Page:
(d) All claims against the State for damages in cases sounding in tort, if a like cause of action would lie against a private person or corporation in a civil suit, and all like claims sounding in tort against *** the Board of Trustees of Northeastern Illinois University, *** provided, that an award for damages in a case sounding in tort, other than certain cases involving the operation of a State vehicle described in this paragraph, shall not exceed the sum of $100,000 limit to or for the benefit of any claimant. The $100,000 limit prescribed by this Section does not apply to an award of damages in any case sounding in tort arising out of the operation by a State employee of a vehicle owned, leased or controlled by the State. The defense that the State or *** the Board of Trustees of Northeastern Illinois University *** is not liable for the negligence of its officers, agents, and employees in the course of their employment is not applicable to the hearing and determination of such claims." 705 ILCS 505/8(b), (d) (West 1998).

The purpose of sovereign immunity is to protect the State from interference with the performance of governmental functions and to preserve and to protect State funds. People ex rel. Manning v. Nickerson, 184 Ill. 2d 245, 248 (1998). Additionally, those entities that can be considered as arms of the State are also immune from suit. Therefore, in determining whether sovereign immunity applies, the analysis should focus first on whether an entity is considered an arm of the State. See City of Chicago v. Board of Trustees of the University of Illinois, 293 Ill. App. 3d 897, 901 (1997). However, because plaintiff's first argument is based on the terms of the statute rather than on NEIU's characteristics as an arm of the State, we will address this contention first.

Plaintiff points out that section 8(d) of the Court of Claims Act was amended on January 1, 1996, to include specific references to "the Board of Trustees of Northeastern Illinois University" in the list of entities against which tort claims can be brought in the Court of Claims (Pub. Act 89--4, eff. January 1, 1996, amending 705 ILCS 505/8(d) (West 1994)), while section 8(b) refers only to contract claims against "the State" (705 ILCS 505/8(b) (West 1998)). Plaintiff asserts that adding the Board to the section dealing with tort claims indicates the legislature's intent that the Board is to be considered separate from the State. Relying on statutory rules of construction, plaintiff further argues that, by inserting the word "and" as to "[a]ll claims against the State for damages in cases sounding in tort *** and all like claims sounding in tort against the State or the *** Board" (emphasis added) (705 ILCS 505/8(d) (West 1998)), both contract and tort claims against "the State" must be brought in the Court of Claims but only tort claims against the Board need be brought in the Court of Claims. Plaintiff also argues that, if the Board were to be included within the term "State," section 8(d) would be rendered entirely superfluous. Therefore, plaintiff contends that sovereign immunity does not apply to the Board and that the circuit court has jurisdiction over its contract claim. We disagree for several reasons.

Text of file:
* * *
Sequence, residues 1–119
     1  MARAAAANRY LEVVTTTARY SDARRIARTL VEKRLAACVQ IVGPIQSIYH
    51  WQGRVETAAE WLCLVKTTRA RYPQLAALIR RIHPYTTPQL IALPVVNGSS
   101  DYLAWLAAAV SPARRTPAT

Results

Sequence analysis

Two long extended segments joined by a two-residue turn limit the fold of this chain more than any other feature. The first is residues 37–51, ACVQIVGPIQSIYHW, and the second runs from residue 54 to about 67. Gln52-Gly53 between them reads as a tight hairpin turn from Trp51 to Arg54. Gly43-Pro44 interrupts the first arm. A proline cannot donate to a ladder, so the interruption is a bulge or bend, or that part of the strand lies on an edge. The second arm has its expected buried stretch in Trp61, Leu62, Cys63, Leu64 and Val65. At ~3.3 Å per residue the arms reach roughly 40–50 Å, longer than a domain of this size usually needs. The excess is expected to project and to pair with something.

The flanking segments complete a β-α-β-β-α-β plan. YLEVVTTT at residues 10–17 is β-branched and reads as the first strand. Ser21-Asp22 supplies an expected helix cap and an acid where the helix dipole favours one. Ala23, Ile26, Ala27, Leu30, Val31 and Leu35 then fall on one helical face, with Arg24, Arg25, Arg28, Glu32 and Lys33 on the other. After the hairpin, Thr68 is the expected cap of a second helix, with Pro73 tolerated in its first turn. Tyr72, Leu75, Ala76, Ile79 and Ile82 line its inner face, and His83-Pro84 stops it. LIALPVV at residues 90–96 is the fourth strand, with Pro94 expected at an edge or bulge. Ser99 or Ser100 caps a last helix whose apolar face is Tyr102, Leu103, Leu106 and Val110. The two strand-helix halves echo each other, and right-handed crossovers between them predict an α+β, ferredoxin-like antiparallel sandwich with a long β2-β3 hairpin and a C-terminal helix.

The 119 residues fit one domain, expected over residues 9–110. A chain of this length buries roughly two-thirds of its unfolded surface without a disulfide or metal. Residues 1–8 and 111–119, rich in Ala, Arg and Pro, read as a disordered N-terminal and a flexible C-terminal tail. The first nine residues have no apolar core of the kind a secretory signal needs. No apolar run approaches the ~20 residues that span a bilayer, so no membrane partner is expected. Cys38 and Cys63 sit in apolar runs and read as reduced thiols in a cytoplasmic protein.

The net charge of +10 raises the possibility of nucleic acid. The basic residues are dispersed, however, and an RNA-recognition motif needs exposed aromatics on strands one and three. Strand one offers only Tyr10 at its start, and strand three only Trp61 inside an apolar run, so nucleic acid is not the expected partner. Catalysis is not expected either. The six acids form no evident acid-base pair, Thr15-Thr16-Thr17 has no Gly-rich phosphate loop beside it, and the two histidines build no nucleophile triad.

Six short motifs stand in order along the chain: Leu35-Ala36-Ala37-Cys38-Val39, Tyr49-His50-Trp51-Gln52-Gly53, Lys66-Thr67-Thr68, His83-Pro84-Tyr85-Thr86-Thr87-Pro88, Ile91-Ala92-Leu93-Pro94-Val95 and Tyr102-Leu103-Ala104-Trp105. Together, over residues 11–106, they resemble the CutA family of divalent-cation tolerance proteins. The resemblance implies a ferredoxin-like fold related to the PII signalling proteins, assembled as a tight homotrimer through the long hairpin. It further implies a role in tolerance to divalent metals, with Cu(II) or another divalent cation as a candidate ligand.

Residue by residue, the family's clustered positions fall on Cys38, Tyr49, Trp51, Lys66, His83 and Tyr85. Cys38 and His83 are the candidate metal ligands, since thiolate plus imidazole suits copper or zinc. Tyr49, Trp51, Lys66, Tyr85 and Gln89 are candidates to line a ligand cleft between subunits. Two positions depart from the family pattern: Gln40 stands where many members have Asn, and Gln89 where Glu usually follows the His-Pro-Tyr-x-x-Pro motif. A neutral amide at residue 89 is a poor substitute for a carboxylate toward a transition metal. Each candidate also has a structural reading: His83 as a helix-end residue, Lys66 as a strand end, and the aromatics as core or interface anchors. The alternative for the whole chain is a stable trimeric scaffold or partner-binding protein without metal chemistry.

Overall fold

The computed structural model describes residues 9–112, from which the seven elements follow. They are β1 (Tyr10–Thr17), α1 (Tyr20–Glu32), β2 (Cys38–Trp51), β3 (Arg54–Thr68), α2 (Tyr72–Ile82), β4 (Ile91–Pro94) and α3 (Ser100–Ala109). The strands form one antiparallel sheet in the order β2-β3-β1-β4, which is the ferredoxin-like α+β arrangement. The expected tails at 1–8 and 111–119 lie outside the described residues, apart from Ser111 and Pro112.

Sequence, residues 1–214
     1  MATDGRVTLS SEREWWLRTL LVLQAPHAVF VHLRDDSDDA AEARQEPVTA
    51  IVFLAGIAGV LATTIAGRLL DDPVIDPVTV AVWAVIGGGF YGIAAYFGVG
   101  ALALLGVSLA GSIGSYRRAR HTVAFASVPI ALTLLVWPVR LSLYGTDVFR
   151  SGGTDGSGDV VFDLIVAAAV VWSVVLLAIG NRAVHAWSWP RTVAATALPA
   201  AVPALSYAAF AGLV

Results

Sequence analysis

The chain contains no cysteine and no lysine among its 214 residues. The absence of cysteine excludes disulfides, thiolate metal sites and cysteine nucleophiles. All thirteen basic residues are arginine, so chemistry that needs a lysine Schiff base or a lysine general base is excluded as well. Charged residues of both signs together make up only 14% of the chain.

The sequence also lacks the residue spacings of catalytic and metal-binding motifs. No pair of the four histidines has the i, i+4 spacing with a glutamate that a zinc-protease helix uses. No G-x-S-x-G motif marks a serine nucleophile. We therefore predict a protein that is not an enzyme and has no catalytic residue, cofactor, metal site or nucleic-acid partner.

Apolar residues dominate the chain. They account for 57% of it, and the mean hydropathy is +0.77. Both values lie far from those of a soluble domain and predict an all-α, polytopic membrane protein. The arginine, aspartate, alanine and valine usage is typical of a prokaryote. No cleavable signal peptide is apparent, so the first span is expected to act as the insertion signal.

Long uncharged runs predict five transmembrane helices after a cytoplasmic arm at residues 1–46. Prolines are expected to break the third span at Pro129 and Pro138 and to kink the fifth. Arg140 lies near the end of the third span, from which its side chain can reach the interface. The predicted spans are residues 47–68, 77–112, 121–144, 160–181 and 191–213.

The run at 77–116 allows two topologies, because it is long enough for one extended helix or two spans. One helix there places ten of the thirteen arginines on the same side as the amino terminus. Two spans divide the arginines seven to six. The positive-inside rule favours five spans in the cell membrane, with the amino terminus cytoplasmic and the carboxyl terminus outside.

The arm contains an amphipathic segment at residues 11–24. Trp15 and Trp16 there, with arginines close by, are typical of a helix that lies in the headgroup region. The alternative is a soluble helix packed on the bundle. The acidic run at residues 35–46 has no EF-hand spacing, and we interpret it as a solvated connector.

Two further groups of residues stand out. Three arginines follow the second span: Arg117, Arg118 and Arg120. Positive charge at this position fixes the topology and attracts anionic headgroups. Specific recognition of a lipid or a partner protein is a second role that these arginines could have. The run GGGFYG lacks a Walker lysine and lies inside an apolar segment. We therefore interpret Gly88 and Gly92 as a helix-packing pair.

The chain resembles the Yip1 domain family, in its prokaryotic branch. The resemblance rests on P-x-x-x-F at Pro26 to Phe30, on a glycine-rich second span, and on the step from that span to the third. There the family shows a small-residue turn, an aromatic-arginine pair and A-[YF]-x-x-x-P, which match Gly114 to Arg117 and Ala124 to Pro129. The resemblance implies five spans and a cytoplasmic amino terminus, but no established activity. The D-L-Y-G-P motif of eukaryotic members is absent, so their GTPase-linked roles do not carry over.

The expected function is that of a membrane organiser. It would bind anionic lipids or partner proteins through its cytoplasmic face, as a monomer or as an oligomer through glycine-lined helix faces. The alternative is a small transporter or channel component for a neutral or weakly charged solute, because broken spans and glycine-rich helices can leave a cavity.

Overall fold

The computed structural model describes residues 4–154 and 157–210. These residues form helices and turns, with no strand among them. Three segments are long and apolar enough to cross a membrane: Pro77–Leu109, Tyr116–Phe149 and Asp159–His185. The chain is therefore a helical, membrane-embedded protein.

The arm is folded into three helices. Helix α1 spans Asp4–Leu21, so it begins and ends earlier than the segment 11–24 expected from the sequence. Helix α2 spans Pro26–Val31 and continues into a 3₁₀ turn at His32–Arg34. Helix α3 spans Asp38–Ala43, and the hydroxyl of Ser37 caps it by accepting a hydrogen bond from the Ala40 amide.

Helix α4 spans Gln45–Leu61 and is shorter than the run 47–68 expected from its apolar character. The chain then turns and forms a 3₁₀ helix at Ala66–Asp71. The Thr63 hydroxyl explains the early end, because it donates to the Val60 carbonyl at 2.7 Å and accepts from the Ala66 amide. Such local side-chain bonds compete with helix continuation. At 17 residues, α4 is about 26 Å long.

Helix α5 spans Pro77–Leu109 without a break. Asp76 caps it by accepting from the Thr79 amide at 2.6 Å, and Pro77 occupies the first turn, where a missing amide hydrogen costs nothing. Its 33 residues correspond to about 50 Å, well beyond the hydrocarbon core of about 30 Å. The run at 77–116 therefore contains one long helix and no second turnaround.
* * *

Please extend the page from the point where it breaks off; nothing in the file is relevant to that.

First, the legislature amended section 8(d) of the Court of Claims Act to make specific reference to "the Board of Trustees of Northeastern Illinois University" and deleted references to the now defunct "Board of Regents of the Regency Universities System and the Board of Governors of State Colleges and Universities." Pub. Act 89--4, eff. January 1, 1996, amending 705 ILCS 505/8(d) (West 1994). All other language under section 8 remained unaltered by the amendment. The amendments did not otherwise alter the wording of the tort and contract provisions. Therefore, the statutory language in this case remains the same as that previously considered by Illinois courts that have held that the statute's silence regarding breach of contract claims against different defendant boards does not deprive the Court of Claims of jurisdiction. See, e.g., Raymond v. ...